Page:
American Airlines Goes iPhone But Flunks Alphabet
American Airlines has rolled out a new iPhone app that promises to offer everything (except on-time arrivals) from E-check-ins to seat assignments to monitoring upgrades but the, uh, fly in the ointment seems to be that it won't let you log in unless your American Advantage membership number contains at least one letter. The problem is, many don't.
Microsoft Stock 'Inexpensive' As Big Upgrade Cycle Looms
With 84% of global PCs still running XP/Vista and 63% of Office users still on versions from 2003 or earlier, Microsoft is looking at some serious growth potential over the next couple of years, says enterprise software analyst Brent Thill.
SuccessFactors Revenue Nears $200M As SaaS Grows Up
While Salesforce.com's the unquestioned SaaS revenue leader, Taleo, RightNow, NetSuite and SuccessFactors are all closing in on annual run rates of $200 million. With SuccessFactors this week reporting 27% quarterly revenue growth to $46.8 million, these and other high-growth SaaS vendors have proven they've got industrial-strength enterprise chops.
The Best-Paid CEOs Of The Decade: Ellison #1
Larry Ellison was the top-earning CEO of the decade across all industries, the Wall Street Journal reports, with total income of $1.836 billion. Apple's Steve Jobs came in fourth at $748.8 million. For Ellison, Jobs, and others, it's surprising-shocking?-to see how a $100 investment in each company's stock performed over that same decade.
Windows Phone 7 As Web 2.0 Pacesetter?
Possibly my perspective is collaboratively twisted, because I've been spending so much time looking into Enterprise 2.0 technologies. Probably that's why I think all the chatter about Microsoft's Windows Phone 7 is missing the point in comparing the new mobile platform to iPhone and Android. What Microsoft is doing is brilliant: they're bringing Web 2.0-ness to mobile more forcefully than any of their co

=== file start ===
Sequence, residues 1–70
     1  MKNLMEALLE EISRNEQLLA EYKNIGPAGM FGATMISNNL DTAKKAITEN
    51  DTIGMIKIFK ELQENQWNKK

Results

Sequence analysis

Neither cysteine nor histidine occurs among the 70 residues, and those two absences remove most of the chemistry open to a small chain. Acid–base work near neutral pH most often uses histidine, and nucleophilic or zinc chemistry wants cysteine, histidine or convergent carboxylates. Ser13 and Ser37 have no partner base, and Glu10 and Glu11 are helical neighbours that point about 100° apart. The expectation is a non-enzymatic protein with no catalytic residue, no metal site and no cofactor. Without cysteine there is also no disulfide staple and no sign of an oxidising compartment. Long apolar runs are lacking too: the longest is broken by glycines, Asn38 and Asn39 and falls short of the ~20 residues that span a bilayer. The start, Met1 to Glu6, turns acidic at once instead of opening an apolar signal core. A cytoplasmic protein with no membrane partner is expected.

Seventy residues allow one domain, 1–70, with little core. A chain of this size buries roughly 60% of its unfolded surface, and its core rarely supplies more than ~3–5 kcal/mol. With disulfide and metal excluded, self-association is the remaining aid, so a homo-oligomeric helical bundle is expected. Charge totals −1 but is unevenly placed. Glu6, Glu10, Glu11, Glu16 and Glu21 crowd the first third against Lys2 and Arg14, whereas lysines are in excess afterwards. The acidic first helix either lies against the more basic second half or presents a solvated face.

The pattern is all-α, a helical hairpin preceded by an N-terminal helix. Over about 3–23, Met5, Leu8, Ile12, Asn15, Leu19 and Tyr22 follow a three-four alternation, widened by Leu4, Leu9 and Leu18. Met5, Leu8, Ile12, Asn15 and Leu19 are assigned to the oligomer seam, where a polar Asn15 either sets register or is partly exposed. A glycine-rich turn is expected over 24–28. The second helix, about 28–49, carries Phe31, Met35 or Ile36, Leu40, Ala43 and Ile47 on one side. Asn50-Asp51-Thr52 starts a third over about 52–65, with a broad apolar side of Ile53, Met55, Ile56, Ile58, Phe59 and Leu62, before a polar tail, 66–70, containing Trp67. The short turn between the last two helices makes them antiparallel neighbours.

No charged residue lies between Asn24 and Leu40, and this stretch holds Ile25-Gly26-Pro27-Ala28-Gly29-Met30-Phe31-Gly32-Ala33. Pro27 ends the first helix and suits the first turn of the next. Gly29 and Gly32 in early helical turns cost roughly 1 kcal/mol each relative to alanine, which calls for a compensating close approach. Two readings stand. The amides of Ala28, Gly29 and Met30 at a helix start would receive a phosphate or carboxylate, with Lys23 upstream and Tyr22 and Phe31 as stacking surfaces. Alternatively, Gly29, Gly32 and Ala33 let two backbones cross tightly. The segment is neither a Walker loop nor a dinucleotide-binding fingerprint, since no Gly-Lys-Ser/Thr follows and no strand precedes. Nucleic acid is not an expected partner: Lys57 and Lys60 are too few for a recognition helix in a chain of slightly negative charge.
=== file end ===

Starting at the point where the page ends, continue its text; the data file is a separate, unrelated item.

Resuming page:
Vint Cerf Eyes Interplanetary Internet
I've never much considered the potential latency of packets routed between Earth and Mars. Me, I'm more worried about my cable-modem going down or dropped 3G calls. Fortunately, Vint Cerf, co-developer of TCP/IP and currently a Google evangelist, is among a group of more forward-thinking folks envisioning an interplanetary backbone where network traffic hubs could be hundreds of millions of miles apart.
IBM Failed Us Big Time, Says Texas
Citing massive turnover among IBM employees, failure to back up data appropriately, and a high-profile server crash that is jeopardizing the state's ability to pursue several fraud investigations, the state of Texas has put IBM on 30-day notice of possible termination of their $863 million services contract. Texas claims 16 separate instances where IBM has defaulted on its obligations, says dallasnews.com.
Hewlett-Packard Has Enterprise Upside, Says Morgan Stanley
Hewlett-Packard's converged infrastructure technologies and overall enterprise portfolio and strategy should allow the world's largest IT company to outperform expectations and gain share in "IT Data center spending," says a new research note from Morgan Stanley.
Cisco Picks Brazil As Next Frontier
With 6,000 employees and a full complement of Indian and non-Indian execs in place at its Globalization Centre East in Bangalore, Cisco has selected its "next frontier" on its journey to become a truly global company: Brazil.
Cashing Out Via IBM, Not IPO
Two high-growth privately held firms that IBM has snapped up this year were tracking toward IPOs but instead elected to take IBM's all-cash offers. The 451 Group says the IBM-acquisition cashouts proved far richer-and quicker-for Initiate Systems and BigFix than going public would have.
Oracle Server Architect Emphasizes Exadata
The technological urge to merge is evident in Oracle's high-flying Exadata database machine, which is a platform combining hardware and software in a manner totally tuned towards the objective of fast OLTP. I was put in mind of this by Bob Evans' latest column, Global CIO: Larry Ellison's Hardware Boasts Are Nonsense, Says IBM. That got me thinking about my recent chat with John Fowler,
Hewlett-Packard Layoffs Could Trigger Strikes In U.K.
After narrowly averting strikes among its Enterprise Services division in the U.K. earlier this year, Hewlett-Packard could face more labor unrest there following word that 934 HP professional-services employees based in England will be losing their jobs. A union representing the HP employees is seeking for "a job security guarantee."
iPad Gets Raves At Wells Fargo
Apple might not be targeting its iPad at business users, but businesspeople are certainly targeting it. The situation's gotten so intense at Wells Fargo that a senior VP leading an iPad trial can't get her hands on one-her boss took the one intended for her, according to bloomberg.com.
Foxconn Raises May Not Boost Worker Income
Employees at the China manufacturer say overtime restrictions and workload increases mean they are actually working more and earning less after a 33% base salary hike.
Andy Grove: Knowledge Work Isn't Enough
Intel co-founder Andy Grove doesn't have all the answers in his Bloomberg column on "How to Make an American Job Before It's Too Late." But he makes one opinion clear: The U.S. can't innovate if it doesn't also build stuff.